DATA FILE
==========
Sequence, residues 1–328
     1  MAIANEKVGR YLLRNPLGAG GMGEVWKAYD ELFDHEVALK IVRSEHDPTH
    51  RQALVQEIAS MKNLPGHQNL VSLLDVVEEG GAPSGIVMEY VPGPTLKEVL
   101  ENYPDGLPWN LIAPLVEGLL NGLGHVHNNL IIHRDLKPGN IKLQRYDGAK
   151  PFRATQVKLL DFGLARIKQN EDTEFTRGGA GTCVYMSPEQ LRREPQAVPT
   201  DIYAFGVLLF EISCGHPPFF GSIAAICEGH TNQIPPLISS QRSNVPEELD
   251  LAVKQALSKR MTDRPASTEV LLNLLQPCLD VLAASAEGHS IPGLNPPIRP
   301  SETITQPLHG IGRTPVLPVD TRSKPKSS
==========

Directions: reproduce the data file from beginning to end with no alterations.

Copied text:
Sequence, residues 1–328
     1  MAIANEKVGR YLLRNPLGAG GMGEVWKAYD ELFDHEVALK IVRSEHDPTH
    51  RQALVQEIAS MKNLPGHQNL VSLLDVVEEG GAPSGIVMEY VPGPTLKEVL
   101  ENYPDGLPWN LIAPLVEGLL NGLGHVHNNL IIHRDLKPGN IKLQRYDGAK
   151  PFRATQVKLL DFGLARIKQN EDTEFTRGGA GTCVYMSPEQ LRREPQAVPT
   201  DIYAFGVLLF EISCGHPPFF GSIAAICEGH TNQIPPLISS QRSNVPEELD
   251  LAVKQALSKR MTDRPASTEV LLNLLQPCLD VLAASAEGHS IPGLNPPIRP
   301  SETITQPLHG IGRTPVLPVD TRSKPKSS